Students with autism spectrum disorder (ASD) often experience academic challenges, including poor reading comprehension skills. Engagement in challenging behavior can further exacerbate reading challenges and lead to missed instructional time and reading performance below grade-level standards. Multicomponent behavioral interventions that target academic and behavioral difficulties can lead to improvements across developmental domains. This study evaluated the effects of telehealth-implemented shared storybook reading, differential reinforcement, and contingent praise on reading comprehension and challenging behavior outcomes of an adolescent with ASD and a suspected learning disability using a multiple-baseline design across reading content areas. Results indicated that shared storybook reading increased independent reading comprehension scores for grade-level reading materials across content areas. Implementation of the behavioral intervention resulted in moderate to large decreases in challenging behavior. Qualitative and quantitative social validity analyses indicated that the participant with ASD and his mother found the interventions practical and effective. Recommendations for practitioners and implications for future research are discussed.

Addressing Problem Behavior and Social-Emotional Skills in Home-Based Services: A Systematic Review
Stephanie Gerow (University of Nevada, Las Vegas), EMILY PAIGE EXLINE (Baylor University), Lindsey Swafford (Baylor University), David Cosottile (University of Oregon), Qi Wei (University of Wisconsin - Whitewater), Maureen Conroy (University of Florida), Tonya Nichole Davis (Baylor University), Wendy A. Machalicek (University of Oregon)
Abstract: Home-based services are effective in improving developmental outcomes for young children with a developmental delay. However, there is a need for further investigation of best practices related to social-emotional development and challenging behavior for children. We conducted a systematic review of the current literature related to home-based interventions addressing challenging behavior and social-emotional skills for young children (age birth to 6 years 11 months) with disabilities or developmental delays. We identified 57 studies, including group and single-case design studies. We will synthesize the literature based on interventions with the most research support in this context. We will also summarize the methodological rigor of included studies, resources needed to implement the interventions, effective intervention strategies, and social validity. Based on our preliminary findings, the current literature supports the use of function-based interventions in homes for young children with disabilities. We will provide recommendations for practice and future research in improving social-emotional and challenging behavior outcomes in the context of home-based services.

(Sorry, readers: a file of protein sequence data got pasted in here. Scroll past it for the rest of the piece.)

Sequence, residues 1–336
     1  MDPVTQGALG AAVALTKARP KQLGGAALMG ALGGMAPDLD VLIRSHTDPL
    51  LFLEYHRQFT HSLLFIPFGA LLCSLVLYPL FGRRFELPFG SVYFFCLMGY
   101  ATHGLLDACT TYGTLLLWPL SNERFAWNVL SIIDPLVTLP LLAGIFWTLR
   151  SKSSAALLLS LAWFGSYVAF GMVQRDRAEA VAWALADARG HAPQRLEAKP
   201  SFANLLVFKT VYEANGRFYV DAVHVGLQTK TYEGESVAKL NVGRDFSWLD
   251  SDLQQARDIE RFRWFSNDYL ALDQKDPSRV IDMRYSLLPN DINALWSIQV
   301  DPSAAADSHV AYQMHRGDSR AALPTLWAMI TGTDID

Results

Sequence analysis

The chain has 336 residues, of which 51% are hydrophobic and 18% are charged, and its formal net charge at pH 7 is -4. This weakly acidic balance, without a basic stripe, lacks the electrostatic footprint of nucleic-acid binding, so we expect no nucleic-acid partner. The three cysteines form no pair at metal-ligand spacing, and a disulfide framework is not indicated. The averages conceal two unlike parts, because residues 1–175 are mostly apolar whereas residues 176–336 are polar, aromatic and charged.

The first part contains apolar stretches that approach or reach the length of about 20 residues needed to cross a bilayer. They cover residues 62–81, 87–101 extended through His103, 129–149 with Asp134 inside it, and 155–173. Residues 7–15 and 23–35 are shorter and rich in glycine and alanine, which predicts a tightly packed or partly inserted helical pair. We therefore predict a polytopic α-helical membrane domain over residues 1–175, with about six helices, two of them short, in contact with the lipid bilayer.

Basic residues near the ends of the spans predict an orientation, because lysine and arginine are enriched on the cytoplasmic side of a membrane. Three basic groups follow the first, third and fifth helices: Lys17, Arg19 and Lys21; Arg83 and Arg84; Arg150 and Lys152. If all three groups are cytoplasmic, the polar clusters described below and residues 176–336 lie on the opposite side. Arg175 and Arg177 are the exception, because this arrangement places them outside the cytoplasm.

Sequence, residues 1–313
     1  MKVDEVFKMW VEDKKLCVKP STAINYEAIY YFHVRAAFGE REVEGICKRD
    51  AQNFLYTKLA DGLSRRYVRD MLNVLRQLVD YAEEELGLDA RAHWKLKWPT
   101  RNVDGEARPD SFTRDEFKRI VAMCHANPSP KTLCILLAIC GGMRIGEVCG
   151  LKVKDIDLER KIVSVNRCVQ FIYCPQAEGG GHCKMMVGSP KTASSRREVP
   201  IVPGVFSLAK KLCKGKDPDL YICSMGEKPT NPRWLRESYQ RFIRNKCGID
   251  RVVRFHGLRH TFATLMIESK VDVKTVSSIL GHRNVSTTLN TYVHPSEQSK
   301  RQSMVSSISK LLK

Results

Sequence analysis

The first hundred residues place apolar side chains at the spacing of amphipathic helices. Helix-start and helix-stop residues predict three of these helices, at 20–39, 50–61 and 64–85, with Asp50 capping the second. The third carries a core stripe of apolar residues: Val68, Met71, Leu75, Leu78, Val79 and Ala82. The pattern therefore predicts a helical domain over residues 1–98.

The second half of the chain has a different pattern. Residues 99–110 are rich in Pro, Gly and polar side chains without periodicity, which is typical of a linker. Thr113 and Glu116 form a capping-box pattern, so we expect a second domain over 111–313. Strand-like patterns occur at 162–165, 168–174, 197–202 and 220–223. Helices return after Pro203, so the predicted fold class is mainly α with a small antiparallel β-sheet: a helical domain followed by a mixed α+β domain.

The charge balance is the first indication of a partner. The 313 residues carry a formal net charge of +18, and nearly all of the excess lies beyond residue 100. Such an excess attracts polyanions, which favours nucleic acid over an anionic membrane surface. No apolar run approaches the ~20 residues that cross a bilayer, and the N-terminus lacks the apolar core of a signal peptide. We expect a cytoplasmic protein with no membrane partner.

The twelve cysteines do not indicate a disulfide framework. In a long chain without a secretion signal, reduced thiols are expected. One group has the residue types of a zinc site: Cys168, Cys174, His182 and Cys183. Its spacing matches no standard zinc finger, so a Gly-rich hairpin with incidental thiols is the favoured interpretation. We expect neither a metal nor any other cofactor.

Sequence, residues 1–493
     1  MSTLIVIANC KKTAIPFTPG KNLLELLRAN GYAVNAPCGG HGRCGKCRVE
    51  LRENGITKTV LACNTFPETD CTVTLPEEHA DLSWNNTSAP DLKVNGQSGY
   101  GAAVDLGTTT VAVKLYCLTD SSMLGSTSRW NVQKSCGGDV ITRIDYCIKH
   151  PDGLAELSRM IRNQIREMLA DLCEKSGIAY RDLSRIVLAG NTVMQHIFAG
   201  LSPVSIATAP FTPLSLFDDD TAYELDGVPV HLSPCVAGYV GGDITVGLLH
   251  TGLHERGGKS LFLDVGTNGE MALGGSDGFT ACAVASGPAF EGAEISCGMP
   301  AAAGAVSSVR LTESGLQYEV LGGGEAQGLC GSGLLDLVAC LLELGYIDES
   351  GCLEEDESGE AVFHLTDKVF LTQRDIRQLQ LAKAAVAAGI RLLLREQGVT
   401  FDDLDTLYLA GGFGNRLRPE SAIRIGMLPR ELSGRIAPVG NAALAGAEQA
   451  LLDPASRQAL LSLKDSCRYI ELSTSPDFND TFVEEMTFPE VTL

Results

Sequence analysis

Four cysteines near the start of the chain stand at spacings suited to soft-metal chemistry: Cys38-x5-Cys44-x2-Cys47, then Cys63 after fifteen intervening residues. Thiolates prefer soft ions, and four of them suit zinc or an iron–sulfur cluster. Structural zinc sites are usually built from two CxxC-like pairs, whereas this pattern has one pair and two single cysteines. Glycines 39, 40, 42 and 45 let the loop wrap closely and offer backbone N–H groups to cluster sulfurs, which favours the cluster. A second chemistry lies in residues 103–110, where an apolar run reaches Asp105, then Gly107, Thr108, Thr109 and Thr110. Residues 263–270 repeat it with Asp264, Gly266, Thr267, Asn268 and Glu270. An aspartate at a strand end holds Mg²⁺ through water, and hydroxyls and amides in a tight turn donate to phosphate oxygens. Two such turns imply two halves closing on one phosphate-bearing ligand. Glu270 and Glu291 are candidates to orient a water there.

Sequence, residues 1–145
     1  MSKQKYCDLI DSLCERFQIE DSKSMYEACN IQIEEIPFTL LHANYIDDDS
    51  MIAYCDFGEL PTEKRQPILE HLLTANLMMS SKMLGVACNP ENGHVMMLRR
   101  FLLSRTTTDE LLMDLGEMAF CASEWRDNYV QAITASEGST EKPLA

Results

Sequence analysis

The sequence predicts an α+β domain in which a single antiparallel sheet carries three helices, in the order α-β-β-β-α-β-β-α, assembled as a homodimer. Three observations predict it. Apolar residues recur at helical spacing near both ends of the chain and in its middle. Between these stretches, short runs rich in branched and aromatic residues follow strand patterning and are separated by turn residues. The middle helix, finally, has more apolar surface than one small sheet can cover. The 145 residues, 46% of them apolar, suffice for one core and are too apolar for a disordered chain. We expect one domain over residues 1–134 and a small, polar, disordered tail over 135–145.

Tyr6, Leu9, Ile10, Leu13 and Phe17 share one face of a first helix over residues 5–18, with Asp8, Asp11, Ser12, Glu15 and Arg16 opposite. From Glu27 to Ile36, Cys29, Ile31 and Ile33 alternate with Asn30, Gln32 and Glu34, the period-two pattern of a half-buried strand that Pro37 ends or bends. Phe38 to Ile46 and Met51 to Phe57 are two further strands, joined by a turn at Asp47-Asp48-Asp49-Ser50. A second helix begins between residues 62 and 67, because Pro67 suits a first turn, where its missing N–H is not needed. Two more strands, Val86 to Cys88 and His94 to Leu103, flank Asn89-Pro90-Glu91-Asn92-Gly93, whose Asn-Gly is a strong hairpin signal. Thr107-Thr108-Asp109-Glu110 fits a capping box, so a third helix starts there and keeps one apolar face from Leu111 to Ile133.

ParaImpact: Practice-Based Coaching Model to Increase Paraeducator Systematic Instruction Fidelity

JOHN AUGUSTINE (Purdue University), Rose A. Mason (Purdue University), Mandy J. Rispoli (University of Virginia), Amanda M Borosh (Purdue University), Jennifer Smith (Purdue University), Howard P. Wills (Juniper Gardens Children's Project)

Students with moderate-to-severe developmental disabilities (MSDD) have complex educational needs, requiring more intensive support including evidence-based practices (EBPs) implemented with high fidelity. When EBPs are implemented with high fidelity, students are more likely to acquire academic skills, increase functional skills, and improve adaptive behavior. Often, paraeducators provide services to students with MSDD, although, they are often undertrained to deliver high-quality evidence-based interventions. Additionally, teachers report they are not adequately prepared to supervise paraeducators from their pre-service programs or professional developments. ParaImpact, a professional development package for teachers and paraeducators they supervise, provides a mechanism for ongoing professional development to increase paraeducator systematic instruction fidelity with the use of practice-based coaching (PBC) and online instruction modules. This study utilized a multiple baseline design across skills to investigate the effects of special education teacher-as-coach on paraeducator implementation fidelity of systematic instruction plus online instructional modules. Results suggest a functional relation between implementation of ParaImpact and increases in systematic instruction implementation fidelity. Further, supervising teachers utilized PBC with procedural integrity and teachers and paraeducators reported ParaImpact to be feasible and useable. Recommendations for extending research in special education teachers coaching paraeducators’ will be discussed.